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Plant-Based Iron Sources

As a central component of red blood cells (which store and carry oxygen through our bodies), iron is an essential nutrient in everyone's diet. But people eating plant-based diets exclude well-known iron sources like meat and seafood from their diet, so where can they get their plant-based iron from?

In Europe, around 1 in 4 people suffer from anaemia–leading to headaches, shortness of breath and tiredness. The most common cause of anaemia is insufficient dietary intake of iron, but not all forms of iron in our diet are equal.1

Animal and Plant Based Iron Sources

Although meat and fish are well-known for being rich in iron, this essential mineral is present in many vegetables, too. So it's absolutely possible to meet your iron needs with a plant-based diet.  

Heme Iron vs Non-Heme Iron

The iron in our diets can come in two forms: heme iron and non-heme iron. Non-heme iron refers to free iron atoms, whereas in heme iron atoms are embedded in a protein structure. Heme iron is the form of iron present in muscle tissue and blood and so is found in meat and fish, but not in plants (which contain only non-heme iron). 

The crucial difference between these two forms is that heme iron is absorbed and put to use 3-4 times more efficiently by our bodies than non-heme iron. That means that while plant-based diets may contain more iron than diets that include meat, vegetarians and vegans may well end up absorbing less iron than their meat-eating counterparts. 

How Much Iron Do You Need?

How much iron an individual needs depends on their age, gender and health status. For example, the German Society of Nutrition recommends 0.5-8mg/day for babies (depending on age), 15mg/day for women and 10-12mg/day for men.3

Certain groups (e.g. babies, infants and pregnant women) are at greater risk of developing iron-deficiency anaemia, so we should pay particular attention to their iron and vitamin C intake (and consider taking iron supplements) if following a plant-based diet to ensure requirements are met.

Iron in Plant-Based Diets

Due to the lower availability of non-heme iron compared with heme iron, experts recommend that vegetarians and vegans should aim to eat almost twice as much iron as the general population.4 But despite a general belief that it’s difficult to get enough iron in a plant-based diet, studies have shown that in general, iron-deficiency anaemia is no more common among people eating a plant-based diet than in the general population (though they do seem to have lower iron stores than omnivores).5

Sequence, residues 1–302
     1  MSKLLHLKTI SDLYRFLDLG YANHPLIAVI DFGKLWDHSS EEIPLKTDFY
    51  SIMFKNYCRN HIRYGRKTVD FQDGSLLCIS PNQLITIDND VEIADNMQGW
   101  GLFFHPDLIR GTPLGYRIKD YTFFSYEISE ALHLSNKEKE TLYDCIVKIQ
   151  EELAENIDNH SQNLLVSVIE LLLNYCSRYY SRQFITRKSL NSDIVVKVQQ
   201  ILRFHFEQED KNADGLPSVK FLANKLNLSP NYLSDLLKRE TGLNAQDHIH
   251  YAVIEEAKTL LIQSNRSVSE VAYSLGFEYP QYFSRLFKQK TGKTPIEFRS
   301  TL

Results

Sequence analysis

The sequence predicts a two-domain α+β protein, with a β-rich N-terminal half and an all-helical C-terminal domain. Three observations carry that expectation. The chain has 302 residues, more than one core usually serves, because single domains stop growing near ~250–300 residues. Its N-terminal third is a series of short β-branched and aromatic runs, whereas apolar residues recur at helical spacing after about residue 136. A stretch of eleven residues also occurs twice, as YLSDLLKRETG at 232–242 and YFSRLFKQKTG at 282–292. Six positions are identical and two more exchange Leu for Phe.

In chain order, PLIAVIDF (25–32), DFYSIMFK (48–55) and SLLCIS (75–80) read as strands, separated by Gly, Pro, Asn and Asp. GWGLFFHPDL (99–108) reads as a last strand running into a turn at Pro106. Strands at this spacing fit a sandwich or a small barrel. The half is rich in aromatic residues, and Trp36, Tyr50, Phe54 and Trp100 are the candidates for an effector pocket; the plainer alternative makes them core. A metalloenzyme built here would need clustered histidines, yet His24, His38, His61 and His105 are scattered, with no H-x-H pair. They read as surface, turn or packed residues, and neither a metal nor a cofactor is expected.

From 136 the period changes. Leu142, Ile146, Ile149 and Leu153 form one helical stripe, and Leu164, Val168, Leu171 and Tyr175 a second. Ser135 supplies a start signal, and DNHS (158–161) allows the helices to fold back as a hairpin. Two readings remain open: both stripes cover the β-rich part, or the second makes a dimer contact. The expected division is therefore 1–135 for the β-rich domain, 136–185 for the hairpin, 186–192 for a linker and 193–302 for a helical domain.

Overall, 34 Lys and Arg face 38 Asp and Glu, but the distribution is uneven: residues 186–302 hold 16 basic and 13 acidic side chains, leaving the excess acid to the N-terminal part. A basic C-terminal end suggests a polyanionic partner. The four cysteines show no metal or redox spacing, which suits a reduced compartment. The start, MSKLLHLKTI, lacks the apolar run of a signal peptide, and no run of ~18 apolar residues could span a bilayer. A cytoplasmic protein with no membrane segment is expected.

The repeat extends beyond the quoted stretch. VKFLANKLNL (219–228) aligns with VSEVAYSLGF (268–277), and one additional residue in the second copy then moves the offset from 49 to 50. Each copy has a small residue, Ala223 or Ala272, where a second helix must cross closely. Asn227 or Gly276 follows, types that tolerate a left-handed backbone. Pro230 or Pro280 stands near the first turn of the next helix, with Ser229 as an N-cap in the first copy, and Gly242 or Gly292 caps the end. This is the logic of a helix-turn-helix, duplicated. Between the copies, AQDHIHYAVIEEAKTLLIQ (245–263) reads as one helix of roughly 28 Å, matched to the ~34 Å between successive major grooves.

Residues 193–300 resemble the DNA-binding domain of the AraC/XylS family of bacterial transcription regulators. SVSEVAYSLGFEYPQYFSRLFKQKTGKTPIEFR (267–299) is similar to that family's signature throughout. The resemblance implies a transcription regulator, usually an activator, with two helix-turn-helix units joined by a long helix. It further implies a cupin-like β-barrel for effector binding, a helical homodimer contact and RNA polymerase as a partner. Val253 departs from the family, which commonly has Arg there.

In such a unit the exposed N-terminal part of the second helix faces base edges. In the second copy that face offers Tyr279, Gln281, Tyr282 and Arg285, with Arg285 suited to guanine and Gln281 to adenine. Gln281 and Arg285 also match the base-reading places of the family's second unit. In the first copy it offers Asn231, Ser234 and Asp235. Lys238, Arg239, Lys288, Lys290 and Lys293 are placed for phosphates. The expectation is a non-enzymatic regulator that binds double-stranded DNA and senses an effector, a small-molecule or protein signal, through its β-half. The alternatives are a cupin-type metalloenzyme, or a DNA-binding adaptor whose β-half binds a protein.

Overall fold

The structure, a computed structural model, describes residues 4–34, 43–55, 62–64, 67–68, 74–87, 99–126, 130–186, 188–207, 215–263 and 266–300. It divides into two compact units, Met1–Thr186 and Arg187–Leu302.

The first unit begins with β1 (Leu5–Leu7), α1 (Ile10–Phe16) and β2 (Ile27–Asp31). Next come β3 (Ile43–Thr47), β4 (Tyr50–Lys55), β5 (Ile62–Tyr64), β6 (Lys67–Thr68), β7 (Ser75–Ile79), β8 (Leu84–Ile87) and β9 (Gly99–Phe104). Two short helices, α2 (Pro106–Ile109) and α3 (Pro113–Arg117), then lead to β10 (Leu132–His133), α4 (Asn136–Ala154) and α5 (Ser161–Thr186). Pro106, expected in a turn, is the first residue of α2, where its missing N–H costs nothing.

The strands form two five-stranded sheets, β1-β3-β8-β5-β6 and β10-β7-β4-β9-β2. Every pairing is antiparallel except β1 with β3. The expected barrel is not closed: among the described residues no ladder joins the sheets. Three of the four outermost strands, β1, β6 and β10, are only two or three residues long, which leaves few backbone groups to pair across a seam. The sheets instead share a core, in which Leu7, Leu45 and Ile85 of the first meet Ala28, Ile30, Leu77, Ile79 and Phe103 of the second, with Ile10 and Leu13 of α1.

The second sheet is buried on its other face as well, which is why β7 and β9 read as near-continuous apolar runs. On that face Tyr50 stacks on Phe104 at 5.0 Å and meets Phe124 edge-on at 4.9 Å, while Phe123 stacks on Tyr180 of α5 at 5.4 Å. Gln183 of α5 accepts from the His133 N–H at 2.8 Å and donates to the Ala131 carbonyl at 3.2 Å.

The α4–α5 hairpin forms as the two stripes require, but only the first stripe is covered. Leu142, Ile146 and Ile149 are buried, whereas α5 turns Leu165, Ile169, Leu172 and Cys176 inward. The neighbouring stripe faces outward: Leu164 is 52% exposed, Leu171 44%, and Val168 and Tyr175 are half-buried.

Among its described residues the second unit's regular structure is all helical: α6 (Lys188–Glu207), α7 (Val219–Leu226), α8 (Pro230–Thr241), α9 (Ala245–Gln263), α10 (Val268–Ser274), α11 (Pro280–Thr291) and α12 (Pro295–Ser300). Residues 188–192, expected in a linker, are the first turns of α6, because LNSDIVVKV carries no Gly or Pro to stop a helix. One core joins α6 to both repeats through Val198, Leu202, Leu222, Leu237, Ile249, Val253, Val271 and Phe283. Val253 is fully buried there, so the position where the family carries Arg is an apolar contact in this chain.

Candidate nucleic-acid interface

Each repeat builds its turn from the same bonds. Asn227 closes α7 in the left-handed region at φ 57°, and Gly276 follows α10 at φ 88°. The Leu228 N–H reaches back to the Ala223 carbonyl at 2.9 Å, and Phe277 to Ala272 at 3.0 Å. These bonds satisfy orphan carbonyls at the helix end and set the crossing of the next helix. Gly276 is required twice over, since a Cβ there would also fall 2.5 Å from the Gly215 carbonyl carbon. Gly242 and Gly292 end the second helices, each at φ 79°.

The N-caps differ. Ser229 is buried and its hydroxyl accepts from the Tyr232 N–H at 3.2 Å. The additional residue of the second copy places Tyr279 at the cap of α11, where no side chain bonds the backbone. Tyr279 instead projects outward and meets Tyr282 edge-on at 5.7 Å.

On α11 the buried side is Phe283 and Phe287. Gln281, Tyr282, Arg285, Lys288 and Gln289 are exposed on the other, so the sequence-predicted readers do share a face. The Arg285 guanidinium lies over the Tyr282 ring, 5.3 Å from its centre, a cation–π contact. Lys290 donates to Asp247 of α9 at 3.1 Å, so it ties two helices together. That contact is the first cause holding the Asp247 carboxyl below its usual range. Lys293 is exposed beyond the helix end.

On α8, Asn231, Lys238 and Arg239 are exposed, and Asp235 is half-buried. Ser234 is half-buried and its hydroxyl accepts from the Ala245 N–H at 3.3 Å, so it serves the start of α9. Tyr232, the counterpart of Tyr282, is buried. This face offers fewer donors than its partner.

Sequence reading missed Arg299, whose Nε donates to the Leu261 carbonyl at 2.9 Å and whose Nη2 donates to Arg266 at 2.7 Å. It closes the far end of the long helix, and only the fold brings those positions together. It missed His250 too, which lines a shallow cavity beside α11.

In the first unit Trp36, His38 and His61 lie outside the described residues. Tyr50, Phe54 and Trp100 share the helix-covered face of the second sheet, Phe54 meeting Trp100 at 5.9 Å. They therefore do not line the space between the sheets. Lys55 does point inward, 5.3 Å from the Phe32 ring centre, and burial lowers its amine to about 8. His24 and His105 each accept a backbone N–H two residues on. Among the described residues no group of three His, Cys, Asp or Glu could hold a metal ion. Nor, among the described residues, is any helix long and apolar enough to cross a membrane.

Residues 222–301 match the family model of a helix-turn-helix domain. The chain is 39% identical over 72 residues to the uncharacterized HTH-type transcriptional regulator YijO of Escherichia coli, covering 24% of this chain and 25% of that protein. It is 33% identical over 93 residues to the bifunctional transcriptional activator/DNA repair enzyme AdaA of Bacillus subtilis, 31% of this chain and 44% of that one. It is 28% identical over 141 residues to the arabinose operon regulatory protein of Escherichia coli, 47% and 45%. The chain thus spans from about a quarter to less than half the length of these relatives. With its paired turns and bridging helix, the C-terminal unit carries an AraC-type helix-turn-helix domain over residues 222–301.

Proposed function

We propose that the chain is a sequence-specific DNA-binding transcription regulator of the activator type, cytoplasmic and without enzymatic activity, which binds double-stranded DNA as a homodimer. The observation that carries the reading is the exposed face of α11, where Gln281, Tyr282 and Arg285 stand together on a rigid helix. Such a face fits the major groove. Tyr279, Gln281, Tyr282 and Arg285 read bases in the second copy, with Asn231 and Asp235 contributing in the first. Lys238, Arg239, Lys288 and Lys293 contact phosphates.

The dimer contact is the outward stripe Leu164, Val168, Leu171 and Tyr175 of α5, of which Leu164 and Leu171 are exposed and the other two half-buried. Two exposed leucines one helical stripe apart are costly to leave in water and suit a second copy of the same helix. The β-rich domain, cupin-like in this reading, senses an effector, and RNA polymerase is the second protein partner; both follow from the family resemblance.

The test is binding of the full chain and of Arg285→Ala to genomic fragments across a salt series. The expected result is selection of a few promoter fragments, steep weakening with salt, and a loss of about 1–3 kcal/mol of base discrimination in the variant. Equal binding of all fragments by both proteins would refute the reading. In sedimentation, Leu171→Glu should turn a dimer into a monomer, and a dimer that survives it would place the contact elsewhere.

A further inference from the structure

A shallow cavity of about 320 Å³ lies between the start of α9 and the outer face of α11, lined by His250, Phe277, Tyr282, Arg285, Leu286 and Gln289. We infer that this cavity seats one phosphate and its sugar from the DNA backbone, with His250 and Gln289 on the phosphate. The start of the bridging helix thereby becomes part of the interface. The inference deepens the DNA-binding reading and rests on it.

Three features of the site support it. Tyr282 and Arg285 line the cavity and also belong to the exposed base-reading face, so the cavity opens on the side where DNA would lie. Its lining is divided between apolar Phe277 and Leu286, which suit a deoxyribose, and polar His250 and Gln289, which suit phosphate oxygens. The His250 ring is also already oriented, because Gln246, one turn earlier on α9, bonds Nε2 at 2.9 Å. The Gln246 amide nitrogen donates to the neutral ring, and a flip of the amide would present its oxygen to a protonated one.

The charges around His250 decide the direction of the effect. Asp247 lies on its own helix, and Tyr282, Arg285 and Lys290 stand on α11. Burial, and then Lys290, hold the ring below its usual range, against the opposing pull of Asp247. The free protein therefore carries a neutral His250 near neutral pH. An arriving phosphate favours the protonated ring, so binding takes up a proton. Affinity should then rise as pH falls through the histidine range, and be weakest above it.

This may be in part due to the naturally higher iron content of plant-based diets, which seems to outweigh the difference in how well these two forms of iron are absorbed by the body. Vitamin C could also play a role: plant-based diets generally also include a high vitamin C intake, which is common in fruit and veg and promotes better absorption of non-heme iron.

Getting Enough Plant-Based Iron?6

Meeting these increased iron requirements is easier than you might think. The first step is to ensure you’re eating enough iron: luckily, there are plenty of options to fill your plate and boost your iron supplies with plant-based foods. Nuts and seeds, beans, legumes and even herbs and spices provide ample amounts of this crucial nutrient. 

Tip: Spices and herbs like thyme, cardamom and curry powder are loaded with iron, so spice up your dishes for an extra iron boost in your meals!

Eating more iron isn’t the only way to meet these targets, though. You can also try boosting your iron intake by pairing foods with your meals that promote iron absorption and avoiding others that inhibit it. For example, have a glass of orange juice with your meal, and the vitamin C will dramatically boost the amount of iron you can absorb!  But avoid having milk or caffeinated drinks with your meal, as they can inhibit the absorption!

Use these four hacks to make sure you’re getting the most iron from your food

FoodIron Content
Pumpkin seeds10mg/100g
Cashew nuts6,2mg/100g
Dried apricots4,1mg/100g
Oats3,64 mg/100g
Baby spinach (boiled)2,63mg/100g
Kidney beans2,26mg/100g
Cooked kale1,11mg/100g
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